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Norton Suburban Hospital, future home of Norton Women’s and Kosair Children’s Hospital

LOUISVILLE The campus is in the midst of an $89.7 million conversion to Norton Women’s and Kosair Children’s Hospital. Many changes have taken place over the past several months, and the next will be a 16-bed adult intensive care unit, planned to open this summer. Other transformations under way include creating a dedicated inpatient migraine treatment unit, a one-stop breast health center, a multidisciplinary pelvic health program, a comprehensive bone health program and specialty programs for eating disorders and integrative medicine. “We will continue to maintain a 373-bed, acute care facility serving men, women and children, but the new hospital will have dedicated women’s programs that cannot be found anywhere in the region,” said Charlotte Ipsan, RNC, MSN, NNP-BC, president of Norton Women’s and Kosair Children’s Hospital.


LOUISVILLE The University of Louisville Center for Women & Infants is on the forefront of helping Kentucky handle a growing problem – babies born with neonatal abstinence syndrome (NAS) as a result of being exposed to drugs in the womb.

Center staff drew attention to the problem in May as the nation observed national alcohol and Drug-related birth Defects awareness week and participated in a May 20th meeting on NAS convened by the Kentucky Department of Health’s Division of Maternal and Child Health with director Dr. Ruth Ann Shepherd.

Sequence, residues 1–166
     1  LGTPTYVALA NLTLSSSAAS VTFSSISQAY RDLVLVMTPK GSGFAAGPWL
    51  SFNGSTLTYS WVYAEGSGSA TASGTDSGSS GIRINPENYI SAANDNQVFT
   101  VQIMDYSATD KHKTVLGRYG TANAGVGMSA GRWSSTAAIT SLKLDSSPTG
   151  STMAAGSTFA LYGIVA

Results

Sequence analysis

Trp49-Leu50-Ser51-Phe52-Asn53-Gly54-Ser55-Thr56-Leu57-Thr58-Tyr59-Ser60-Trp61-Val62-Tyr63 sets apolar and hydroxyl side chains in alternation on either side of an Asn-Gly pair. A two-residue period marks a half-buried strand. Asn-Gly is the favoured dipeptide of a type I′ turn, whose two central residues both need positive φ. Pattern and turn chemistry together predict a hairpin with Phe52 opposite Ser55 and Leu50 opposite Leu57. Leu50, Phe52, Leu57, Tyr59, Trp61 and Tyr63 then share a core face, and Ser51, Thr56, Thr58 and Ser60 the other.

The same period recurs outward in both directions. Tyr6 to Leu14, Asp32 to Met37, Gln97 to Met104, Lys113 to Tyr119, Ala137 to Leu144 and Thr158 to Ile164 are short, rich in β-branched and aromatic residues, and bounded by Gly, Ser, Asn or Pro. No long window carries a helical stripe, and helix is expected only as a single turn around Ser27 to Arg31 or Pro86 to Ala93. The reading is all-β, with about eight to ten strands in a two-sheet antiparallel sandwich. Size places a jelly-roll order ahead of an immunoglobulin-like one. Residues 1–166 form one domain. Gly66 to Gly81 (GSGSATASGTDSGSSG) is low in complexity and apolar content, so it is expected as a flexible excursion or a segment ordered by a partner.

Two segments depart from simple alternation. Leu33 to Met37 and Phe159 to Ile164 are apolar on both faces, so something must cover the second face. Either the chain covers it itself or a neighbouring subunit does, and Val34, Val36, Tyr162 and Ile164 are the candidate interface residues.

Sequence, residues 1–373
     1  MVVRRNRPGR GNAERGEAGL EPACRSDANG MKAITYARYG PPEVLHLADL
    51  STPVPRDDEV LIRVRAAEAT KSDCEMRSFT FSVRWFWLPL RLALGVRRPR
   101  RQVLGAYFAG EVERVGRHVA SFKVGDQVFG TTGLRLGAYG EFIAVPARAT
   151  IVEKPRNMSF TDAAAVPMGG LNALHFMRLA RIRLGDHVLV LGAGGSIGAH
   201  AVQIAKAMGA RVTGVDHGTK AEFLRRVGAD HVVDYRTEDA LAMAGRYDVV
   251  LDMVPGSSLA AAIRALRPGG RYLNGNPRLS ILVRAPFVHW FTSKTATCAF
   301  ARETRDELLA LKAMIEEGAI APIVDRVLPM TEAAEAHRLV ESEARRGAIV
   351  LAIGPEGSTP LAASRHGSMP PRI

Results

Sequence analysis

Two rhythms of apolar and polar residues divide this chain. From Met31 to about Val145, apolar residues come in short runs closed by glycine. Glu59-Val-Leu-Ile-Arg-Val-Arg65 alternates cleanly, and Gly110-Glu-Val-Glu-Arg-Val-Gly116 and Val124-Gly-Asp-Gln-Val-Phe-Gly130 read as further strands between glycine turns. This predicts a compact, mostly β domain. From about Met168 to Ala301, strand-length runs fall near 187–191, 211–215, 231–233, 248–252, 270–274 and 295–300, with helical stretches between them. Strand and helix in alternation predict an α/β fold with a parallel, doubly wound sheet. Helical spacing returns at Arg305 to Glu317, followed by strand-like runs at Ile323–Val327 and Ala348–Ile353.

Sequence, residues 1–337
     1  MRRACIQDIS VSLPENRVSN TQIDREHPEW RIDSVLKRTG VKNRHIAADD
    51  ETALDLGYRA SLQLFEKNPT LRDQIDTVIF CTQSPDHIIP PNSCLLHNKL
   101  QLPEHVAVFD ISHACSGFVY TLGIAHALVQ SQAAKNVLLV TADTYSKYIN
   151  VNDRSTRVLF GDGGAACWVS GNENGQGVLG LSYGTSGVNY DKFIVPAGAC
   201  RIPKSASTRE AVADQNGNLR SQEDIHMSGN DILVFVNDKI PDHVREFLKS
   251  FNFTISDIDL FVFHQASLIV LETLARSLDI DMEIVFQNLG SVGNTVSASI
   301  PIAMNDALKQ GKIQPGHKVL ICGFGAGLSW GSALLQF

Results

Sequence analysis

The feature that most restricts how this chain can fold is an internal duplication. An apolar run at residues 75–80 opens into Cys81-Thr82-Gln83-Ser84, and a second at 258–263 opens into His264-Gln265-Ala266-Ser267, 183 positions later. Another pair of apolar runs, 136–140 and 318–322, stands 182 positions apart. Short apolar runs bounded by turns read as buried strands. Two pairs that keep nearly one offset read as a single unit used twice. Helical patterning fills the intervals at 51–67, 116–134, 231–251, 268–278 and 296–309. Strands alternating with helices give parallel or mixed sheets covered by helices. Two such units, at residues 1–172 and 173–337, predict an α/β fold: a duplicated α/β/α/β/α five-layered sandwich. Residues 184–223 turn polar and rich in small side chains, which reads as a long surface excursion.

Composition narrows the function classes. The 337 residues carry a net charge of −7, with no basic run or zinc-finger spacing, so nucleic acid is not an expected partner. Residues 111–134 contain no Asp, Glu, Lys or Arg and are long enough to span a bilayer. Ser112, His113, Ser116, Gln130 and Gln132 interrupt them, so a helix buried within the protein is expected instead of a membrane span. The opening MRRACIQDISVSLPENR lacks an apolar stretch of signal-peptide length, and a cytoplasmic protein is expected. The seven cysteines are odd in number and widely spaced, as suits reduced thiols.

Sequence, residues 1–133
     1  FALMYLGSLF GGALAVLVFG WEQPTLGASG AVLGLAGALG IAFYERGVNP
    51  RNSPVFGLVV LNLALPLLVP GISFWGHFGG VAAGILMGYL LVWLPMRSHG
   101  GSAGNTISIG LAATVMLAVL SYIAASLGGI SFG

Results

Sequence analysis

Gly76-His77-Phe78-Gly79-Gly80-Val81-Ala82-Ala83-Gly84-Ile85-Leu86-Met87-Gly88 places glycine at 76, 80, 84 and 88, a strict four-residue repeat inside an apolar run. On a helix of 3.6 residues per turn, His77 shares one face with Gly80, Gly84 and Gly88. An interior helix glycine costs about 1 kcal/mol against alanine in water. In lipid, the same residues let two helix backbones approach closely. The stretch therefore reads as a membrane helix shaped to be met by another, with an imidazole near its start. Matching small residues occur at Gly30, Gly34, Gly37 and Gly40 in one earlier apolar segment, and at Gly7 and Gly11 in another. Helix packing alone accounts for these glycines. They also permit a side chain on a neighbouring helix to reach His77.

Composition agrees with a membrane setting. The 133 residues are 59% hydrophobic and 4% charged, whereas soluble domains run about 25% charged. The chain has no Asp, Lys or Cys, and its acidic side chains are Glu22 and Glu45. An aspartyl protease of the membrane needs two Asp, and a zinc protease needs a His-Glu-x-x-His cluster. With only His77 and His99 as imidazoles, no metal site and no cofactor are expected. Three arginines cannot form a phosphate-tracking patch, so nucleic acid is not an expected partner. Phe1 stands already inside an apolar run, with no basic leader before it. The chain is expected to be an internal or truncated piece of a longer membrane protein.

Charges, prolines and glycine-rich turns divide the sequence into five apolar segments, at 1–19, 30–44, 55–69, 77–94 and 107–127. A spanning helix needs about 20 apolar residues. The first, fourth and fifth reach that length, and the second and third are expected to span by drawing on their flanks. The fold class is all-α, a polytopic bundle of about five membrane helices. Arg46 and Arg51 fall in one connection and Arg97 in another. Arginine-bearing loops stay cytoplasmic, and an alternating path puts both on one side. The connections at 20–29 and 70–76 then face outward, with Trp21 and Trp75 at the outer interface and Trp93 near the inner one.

Cases in Kentucky of NAS have increased 11-fold in the past decade – from 67 in 2001 to 730 in 2011. At the CWI, staff began seeing a sharp increase eight years ago and began developing new treatment models to address it.

“In 2004, we had about six babies born with NAS all year,” said Pauline Hayes, clinical nurse manager for the neonatal intensive care unit (NICU). “That number jumped to nine cases in the first six months alone in 2005.

While some babies exposed to drugs or alcohol in the womb show no signs of NAS or other problems at birth, “we know that 75 percent of babies exposed in utero will require hospitalization and treatment after birth – and the research available now gives us no way to know in advance which babies will be Ok at birth despite exposure and which babies will need treatment,” Hayes said.

“Our best evidence-based medicine shows that giving drug-for-drug and gradually decreasing the dose works best for these babies,” Hayes said. “We do not want any baby to go home from the hospital still on medications.”

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